Authors: Owain Hanmer*, Cardiff University
Topics: Political Geography, Urban Geography
Keywords: urban gardens, commons, community gardening, commoning, everyday communism
Session Type: Virtual Paper
Start / End Time: 3:05 PM / 4:20 PM
Room: Virtual 43
Presentation File: No File Uploaded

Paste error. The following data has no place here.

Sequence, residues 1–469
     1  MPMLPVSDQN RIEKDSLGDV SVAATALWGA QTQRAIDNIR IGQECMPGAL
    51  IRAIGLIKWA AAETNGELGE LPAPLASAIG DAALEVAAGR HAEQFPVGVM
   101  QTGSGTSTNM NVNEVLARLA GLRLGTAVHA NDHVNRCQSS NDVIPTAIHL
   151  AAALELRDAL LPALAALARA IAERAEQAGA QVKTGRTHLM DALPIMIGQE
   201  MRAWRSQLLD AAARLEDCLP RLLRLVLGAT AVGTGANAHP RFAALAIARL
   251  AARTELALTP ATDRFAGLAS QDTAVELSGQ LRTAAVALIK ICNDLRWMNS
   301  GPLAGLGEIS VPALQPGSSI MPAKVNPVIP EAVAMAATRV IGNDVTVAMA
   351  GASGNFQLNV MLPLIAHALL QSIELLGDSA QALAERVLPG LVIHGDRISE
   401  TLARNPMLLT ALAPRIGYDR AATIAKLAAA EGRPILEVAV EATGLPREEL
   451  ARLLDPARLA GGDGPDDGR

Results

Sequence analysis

Urban gardens are regularly framed in diverse ways—from commons or commoning (Engel-Di Mauro 2018), the right to the city (Purcell and Tyman 2015), and food justice (Tornaghi 2017). However, in recognising that the politics of urban gardens are never straightforward (McClintock 2014), this paper emphasises the importance of being attentive to the micro and everyday dynamics of the spaces. This paper is based on ethnographic fieldwork from 2019 in Cardiff, Wales—an ordinary city (Robinson 2006)—across 3 different urban gardening sites, each defined by diverse set of arrangements that define the basic functioning and reproduction of the spaces (from how they are governed and managed to the everyday social and practical relations). Focusing on the everyday and prosaic elements of these spaces in an attempt to understand their political and social implications, this paper utilises Graeber’s (2012) theory of ‘everyday communism’ to highlight the ways that the practices and ways-of-doing are less mundane than they might appear. Importantly, in what are largely accepted practices in the sites, these can question and undermine the embedded capitalist notion of the ‘self-interested’ or competitive nature of interaction, thus transcending the Hobbesian imaginary of human relations. Through exploring the range and dynamics of gifting, sharing, and forms of mutual aid and cooperation that exist within these sites, this paper suggests that these are deeply political processes that counter experiences of alienation and isolation in a neoliberal world.